If you've been involved in sports at all you've probably noticed how inconsistent players can be from one game to the next, especially for the youngest players. From their own bodily circadian rhythms and what they bring to the rink from an emotional standpoint to how they are doing physically (injuries, illness, etc. ) there are many factors. One we tend to overlook is the arena they are playing in.
This argument makes sense for all players (and coaches) but to emphasize the point the best I'm going to speak on behalf of goaltenders. (Yes, you're welcome goalies. A shot blocking, though offensive defenseman will be your voice. )
As a goalie steps into his crease he has to figure out his angles. If all arenas were the same this would be fairly simple. Find something in the rink to help orientate the middle of the crease, then a slight adjustment to the right and find this angle, and pop over to the other side to find the other angle and voila! All set to break Martin Brodeur's shutout record (125 NHL shutouts, by the way).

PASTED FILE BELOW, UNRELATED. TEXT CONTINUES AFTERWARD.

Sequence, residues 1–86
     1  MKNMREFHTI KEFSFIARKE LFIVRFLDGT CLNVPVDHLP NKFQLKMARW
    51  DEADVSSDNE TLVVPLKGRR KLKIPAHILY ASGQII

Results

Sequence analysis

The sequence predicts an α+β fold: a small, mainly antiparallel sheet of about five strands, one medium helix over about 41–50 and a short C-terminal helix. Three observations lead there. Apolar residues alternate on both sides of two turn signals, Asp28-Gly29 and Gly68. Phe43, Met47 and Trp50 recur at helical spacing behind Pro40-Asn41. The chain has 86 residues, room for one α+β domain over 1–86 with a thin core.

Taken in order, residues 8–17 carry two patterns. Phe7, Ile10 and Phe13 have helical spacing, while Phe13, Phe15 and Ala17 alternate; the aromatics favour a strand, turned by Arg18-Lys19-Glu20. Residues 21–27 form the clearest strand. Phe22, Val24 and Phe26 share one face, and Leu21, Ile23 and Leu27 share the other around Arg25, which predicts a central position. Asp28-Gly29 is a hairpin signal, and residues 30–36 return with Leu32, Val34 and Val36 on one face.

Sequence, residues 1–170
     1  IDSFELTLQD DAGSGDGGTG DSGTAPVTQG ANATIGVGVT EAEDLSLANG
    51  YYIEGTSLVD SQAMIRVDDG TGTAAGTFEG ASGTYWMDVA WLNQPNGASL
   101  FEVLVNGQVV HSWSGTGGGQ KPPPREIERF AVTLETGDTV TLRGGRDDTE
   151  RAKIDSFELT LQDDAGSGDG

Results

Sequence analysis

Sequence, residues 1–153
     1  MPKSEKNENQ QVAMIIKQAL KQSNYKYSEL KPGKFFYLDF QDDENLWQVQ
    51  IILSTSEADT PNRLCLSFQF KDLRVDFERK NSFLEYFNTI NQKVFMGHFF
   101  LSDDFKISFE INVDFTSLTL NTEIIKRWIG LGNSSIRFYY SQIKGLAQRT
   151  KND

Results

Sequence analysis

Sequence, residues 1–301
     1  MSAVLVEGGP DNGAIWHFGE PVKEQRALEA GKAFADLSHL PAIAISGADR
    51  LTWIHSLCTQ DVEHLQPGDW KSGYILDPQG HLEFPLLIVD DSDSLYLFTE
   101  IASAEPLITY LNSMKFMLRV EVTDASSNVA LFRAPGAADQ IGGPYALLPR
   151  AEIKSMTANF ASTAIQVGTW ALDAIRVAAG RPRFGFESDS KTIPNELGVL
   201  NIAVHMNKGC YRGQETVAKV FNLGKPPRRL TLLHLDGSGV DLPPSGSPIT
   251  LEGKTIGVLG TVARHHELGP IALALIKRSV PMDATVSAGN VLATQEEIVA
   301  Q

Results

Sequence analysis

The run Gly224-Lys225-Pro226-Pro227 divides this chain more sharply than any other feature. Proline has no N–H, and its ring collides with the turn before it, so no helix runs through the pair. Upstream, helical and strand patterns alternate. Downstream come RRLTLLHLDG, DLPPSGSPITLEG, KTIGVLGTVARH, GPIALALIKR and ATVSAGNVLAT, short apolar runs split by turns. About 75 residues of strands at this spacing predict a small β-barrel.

Unfortunately for goalies (and fortunately for shooters) the goalies have to play in many different rinks which have very different standards when it comes to lighting, dasherboard colour (blue or yellow usually), dirty old boards, glowing exit signs, reflection off the glass, high ceilings, low ceilings, the sun blaring on them in some arenas, and a multitude of rink dimensions, just to name a few. A goalie may be told to focus on the puck, which is fine but where is their net? It's getting trickier. No wonder goalies are crazy.
For forwards and defencemen this is also a factor as they have to adjust their skating techniques differently on a small ice surface compared to a large and their sight lines just sometimes don't mesh with their brains in some rinks. For instance, this past May I had a 5 year old leave the ice in a rink he wasn't used to because of the fact the seating was well above the ice surface and it was making him anxious.
Our brains are tricky to manipulate into being ready every game when the puck drops. Learning the nuances of the building and our brains being at ease with them is the first step. Making adjustments physically is the next step. It's quite a long process for players of all ages.
Let's be mindful of the fact that our children are trying their best and want to do their best. So many factors go into a good performance. The physical arena is only one of them, but it's certainly a big factor.
Happy New Year everyone!
- Apollo Hockey Development
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